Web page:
A minimum price for alcohol could be imposed in Ryedale and North Yorkshire as part of a campaign to tackle alcohol abuse.
The move, which now goes to public consultation until May 28, has been unveiled by public health experts.
Other moves would involve attempts to increase the availability of cheaper non-alcoholic drinks in licensed premises.
Officials stress they want people to enjoy drinking responsibly but the move follows figures which show hospital admissions involving alcohol are increasing and nearly 200 people in the county die as a result of alcohol.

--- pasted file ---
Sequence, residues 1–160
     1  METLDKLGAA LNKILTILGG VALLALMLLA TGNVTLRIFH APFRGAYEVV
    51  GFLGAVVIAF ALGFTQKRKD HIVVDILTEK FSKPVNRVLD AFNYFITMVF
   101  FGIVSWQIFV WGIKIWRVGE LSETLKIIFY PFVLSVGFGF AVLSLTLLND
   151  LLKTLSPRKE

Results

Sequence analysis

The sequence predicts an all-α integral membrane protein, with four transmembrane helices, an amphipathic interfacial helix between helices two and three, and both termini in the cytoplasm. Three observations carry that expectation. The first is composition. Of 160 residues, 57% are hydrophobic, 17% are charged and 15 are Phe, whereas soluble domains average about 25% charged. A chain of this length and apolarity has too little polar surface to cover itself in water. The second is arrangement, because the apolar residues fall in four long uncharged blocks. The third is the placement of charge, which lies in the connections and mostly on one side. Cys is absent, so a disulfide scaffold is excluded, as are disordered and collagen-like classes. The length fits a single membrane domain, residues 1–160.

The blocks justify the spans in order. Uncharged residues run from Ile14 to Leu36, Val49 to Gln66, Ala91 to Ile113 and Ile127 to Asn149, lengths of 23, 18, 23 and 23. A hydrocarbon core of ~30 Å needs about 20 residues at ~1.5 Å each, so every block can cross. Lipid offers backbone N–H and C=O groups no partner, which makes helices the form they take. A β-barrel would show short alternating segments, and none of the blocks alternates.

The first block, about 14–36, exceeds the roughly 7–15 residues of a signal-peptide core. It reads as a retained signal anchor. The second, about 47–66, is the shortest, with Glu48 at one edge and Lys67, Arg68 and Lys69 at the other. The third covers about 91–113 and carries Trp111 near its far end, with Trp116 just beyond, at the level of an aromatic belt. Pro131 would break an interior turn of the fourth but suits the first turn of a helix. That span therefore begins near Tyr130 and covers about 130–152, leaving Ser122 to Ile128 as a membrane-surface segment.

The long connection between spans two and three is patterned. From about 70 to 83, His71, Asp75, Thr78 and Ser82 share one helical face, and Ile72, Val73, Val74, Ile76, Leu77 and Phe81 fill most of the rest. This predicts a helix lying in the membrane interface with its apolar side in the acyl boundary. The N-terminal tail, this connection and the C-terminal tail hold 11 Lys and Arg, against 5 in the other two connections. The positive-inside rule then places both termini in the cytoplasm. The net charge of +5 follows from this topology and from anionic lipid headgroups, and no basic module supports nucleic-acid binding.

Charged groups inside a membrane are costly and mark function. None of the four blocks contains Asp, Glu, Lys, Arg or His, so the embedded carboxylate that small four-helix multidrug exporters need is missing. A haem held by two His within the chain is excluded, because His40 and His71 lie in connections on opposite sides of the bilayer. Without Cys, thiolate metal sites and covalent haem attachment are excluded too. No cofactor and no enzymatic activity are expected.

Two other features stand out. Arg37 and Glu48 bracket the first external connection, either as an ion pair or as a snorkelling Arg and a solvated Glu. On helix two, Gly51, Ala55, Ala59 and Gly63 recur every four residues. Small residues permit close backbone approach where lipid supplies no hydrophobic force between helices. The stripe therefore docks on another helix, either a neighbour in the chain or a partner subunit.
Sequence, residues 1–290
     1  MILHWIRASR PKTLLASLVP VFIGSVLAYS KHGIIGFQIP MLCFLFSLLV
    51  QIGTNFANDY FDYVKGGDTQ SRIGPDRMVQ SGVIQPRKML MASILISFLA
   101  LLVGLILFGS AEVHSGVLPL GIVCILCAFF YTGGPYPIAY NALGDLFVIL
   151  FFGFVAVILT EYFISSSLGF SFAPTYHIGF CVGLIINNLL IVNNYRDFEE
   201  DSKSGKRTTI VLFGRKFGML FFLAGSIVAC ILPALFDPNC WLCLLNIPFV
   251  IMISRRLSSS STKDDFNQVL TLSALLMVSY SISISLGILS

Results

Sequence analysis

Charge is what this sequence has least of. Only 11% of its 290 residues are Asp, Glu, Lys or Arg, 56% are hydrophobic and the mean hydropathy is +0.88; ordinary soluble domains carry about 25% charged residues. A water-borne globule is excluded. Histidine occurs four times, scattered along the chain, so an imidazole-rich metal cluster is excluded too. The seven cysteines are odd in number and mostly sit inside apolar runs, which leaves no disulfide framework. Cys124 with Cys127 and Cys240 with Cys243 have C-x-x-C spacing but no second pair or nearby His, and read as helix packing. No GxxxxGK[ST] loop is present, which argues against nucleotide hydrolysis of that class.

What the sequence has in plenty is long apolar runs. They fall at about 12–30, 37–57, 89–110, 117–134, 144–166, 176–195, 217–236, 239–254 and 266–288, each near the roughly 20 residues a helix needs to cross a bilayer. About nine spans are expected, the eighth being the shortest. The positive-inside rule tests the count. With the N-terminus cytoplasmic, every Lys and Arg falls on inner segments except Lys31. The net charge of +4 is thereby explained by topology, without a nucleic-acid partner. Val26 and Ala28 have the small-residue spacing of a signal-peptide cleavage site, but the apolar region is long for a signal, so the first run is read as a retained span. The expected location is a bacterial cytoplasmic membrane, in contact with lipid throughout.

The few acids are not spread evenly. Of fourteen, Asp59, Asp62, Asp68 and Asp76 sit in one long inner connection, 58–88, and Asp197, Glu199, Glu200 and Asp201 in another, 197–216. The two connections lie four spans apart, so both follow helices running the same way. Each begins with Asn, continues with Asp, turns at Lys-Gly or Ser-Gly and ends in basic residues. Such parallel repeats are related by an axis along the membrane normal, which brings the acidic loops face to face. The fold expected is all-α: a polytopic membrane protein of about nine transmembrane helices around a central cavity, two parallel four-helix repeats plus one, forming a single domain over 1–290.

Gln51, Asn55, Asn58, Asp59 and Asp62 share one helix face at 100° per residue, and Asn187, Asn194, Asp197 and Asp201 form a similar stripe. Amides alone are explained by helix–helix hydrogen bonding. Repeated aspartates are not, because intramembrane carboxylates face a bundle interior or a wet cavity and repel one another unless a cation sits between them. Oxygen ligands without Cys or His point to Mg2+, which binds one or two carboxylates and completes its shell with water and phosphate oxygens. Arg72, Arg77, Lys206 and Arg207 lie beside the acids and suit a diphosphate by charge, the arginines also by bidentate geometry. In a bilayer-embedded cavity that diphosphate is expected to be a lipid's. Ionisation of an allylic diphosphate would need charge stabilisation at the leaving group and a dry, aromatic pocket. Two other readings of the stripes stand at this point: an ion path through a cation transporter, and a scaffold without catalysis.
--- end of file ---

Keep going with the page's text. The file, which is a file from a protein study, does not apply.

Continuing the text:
The strategy has been drawn up by North Yorkshire County Council’s Health and Adult Services working with partner organisations.
Alcohol abuse is also associated with crime, including domestic violence and sexual crime, and features in antisocial behaviour in particular with over a quarter of incidents associated with alcohol in some areas.
“In North Yorkshire, around a quarter of all people who drink are estimated to be drinking at harmful or hazardous levels,” said County Councillor Don Mackenzie, Executive Member for Public Health.
“For too many people, harmful or hazardous drinking has become normal. We need to shift that culture so that low risk drinking becomes the norm.”